Tracy Gordon lays down flowers at a memorial erected for George Floyd in south Minneapolis on May 26, 2020. Ricardo Lopez/Minnesota Reformer
Gerald Chambers, at times overcome by grief, recalled George Floyd as a kind and good-hearted man from their time working together at Salvation Army.
Chambers on Tuesday joined nearly 100 people who had gathered at the intersection of Chicago Ave and 38th St. to protest the death of Floyd, who Minneapolis police had detained after receiving a call for forgery.
People began gathering at the intersection ahead of a planned 5 p.m. protest.
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A video circulating on social media Monday appeared to show a white police officer with his knee on the neck of Floyd, who can be heard desperately telling the officer he couldn’t breathe. Minnesota elected officials condemned the killing, and the FBI and the Minnesota Bureau of Investigation are on the case.
Four Minneapolis police officers involved in Floyd’s death have been fired, Minneapolis Mayor Jacob Frey wrote in a Twitter post Tuesday afternoon. “This is the right call,” Frey’s Tweet says.
Four responding MPD officers involved in the death of George Floyd have been terminated.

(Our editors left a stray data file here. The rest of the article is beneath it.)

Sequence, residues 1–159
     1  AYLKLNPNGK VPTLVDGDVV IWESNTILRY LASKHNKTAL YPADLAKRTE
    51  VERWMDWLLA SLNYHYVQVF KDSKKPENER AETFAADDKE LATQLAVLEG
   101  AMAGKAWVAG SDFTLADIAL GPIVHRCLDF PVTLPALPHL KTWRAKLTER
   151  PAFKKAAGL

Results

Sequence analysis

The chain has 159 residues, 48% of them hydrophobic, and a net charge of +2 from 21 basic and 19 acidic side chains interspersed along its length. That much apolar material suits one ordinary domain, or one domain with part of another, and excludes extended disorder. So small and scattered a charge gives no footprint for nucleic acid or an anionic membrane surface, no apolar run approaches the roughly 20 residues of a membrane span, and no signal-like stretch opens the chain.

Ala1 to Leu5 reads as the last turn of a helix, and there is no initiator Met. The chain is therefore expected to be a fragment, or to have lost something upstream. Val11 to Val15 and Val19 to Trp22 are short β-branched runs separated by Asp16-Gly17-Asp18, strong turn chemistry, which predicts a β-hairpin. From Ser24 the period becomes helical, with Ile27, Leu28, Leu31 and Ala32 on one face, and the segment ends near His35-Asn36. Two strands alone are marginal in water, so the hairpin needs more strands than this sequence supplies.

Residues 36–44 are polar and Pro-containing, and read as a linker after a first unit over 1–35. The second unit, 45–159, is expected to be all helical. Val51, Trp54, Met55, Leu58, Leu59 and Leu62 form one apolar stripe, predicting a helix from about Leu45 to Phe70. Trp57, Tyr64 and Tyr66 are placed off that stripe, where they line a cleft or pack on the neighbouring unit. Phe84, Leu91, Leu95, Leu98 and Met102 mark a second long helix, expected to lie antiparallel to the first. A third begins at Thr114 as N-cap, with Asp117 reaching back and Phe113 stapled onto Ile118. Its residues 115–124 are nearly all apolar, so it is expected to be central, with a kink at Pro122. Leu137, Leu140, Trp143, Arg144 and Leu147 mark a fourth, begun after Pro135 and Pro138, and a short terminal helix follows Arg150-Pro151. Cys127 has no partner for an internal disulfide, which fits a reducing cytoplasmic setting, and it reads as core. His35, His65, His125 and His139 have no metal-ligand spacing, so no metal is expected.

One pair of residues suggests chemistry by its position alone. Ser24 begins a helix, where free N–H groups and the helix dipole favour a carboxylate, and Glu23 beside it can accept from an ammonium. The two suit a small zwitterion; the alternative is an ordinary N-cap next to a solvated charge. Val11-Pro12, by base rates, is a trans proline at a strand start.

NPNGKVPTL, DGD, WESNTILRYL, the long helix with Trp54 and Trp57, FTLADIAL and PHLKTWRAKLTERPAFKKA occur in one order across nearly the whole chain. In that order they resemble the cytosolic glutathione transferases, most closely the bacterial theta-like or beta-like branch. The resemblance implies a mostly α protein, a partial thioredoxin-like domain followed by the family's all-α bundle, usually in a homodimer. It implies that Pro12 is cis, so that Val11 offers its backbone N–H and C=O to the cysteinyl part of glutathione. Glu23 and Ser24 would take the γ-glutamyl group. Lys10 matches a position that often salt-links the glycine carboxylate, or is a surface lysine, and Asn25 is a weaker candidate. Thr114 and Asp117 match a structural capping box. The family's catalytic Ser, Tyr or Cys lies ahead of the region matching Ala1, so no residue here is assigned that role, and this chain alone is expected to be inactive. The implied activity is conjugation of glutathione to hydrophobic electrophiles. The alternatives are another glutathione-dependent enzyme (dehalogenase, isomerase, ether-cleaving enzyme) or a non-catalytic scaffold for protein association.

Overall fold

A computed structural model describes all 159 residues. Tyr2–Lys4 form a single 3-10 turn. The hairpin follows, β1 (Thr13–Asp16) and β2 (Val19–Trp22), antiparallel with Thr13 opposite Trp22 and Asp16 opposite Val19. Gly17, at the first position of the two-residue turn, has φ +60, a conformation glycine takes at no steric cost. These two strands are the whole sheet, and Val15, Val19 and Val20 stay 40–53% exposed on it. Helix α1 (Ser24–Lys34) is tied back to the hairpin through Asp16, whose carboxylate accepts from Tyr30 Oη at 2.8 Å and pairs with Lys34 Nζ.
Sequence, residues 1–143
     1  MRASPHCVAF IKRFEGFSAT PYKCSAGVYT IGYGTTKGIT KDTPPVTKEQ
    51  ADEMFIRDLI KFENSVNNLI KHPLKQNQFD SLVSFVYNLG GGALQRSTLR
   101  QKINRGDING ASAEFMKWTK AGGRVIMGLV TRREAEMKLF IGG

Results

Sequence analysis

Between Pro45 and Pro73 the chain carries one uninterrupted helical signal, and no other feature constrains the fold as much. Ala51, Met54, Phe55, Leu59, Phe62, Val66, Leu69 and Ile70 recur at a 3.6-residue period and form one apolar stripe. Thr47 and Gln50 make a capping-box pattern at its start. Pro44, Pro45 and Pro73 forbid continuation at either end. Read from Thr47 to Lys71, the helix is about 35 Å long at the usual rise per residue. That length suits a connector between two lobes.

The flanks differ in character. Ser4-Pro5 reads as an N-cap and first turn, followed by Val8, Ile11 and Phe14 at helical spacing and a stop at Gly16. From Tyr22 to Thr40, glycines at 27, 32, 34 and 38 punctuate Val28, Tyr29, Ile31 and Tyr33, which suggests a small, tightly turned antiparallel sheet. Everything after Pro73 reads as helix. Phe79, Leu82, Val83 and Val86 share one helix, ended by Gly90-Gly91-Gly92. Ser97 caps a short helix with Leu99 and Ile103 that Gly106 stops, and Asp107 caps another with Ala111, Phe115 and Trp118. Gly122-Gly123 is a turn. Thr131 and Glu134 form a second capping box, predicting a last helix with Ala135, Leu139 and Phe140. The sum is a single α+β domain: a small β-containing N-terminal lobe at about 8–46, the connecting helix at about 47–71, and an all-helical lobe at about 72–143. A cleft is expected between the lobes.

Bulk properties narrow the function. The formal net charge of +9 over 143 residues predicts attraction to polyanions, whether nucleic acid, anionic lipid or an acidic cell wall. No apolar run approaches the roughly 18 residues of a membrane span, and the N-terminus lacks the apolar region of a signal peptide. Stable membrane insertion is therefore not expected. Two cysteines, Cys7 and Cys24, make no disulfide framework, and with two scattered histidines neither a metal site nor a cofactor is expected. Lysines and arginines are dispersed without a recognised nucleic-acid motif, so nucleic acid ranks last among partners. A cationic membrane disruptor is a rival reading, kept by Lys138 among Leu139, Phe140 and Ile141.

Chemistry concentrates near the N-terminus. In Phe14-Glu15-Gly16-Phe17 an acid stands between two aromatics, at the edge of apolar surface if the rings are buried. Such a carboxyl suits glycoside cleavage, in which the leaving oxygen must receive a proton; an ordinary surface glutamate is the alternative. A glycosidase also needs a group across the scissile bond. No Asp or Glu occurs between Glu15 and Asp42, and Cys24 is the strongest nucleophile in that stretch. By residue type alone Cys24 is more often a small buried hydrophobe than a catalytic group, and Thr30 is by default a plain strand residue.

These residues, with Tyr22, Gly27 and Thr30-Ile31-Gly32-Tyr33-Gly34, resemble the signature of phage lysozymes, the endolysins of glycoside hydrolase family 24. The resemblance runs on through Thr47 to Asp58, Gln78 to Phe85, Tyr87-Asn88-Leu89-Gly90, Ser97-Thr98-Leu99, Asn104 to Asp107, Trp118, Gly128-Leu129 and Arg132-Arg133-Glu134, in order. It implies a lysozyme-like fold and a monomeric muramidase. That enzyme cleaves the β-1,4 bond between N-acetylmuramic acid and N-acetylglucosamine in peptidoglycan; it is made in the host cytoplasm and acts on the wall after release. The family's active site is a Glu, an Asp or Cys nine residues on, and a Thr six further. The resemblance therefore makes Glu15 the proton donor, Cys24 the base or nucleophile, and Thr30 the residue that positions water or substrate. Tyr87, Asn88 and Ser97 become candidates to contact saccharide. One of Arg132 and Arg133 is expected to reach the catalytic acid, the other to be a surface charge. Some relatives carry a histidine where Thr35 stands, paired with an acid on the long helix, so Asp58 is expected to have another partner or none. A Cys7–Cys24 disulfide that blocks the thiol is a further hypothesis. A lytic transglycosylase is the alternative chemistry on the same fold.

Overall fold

— Jacob Frey (@Jacob_Frey) May 26, 2020
Demonstrators at the intersection held signs reading “Black Lives Matter,” while a memorial erected on the sidewalk for Floyd quickly teemed with flowers.
Chambers said he used to work at Salvation Army as a cook where Floyd was also a security guard. “Any time I had a problem, he was always nice,” he recalled, describing him as soft-spoken. “He was never violent with individuals. He was a big guy, he was intimidating by his size, but he’s a very nice guy.”
Chambers and others who gathered Tuesday afternoon said they were angry and emotional.
“When they showed his picture this morning, I cried,” Chambers said.
“My heart is broken,” said Tracy Gordon, who attends Worldwide Outreach for Christ church at the same intersection.
Gordon wore a shirt with the words, “I can’t breathe,” the final words of Eric Garner, the New York Black man who died at the hands of police officers in 2014.
“There’s no reason for that man to be choked to death,” she said, referring to Floyd.
Diva Reynolds, who was in Minneapolis from Ohio on an extended visit with family, said her 9-year-old daughter witnessed the Monday night incident. .
Reynolds said her daughter and another family member had come to the Cup Foods grocery store at the intersection Monday night when police detained Floyd.
“We want justice,” she said. “Not just for one person, but for everybody. Everybody should be safe.”
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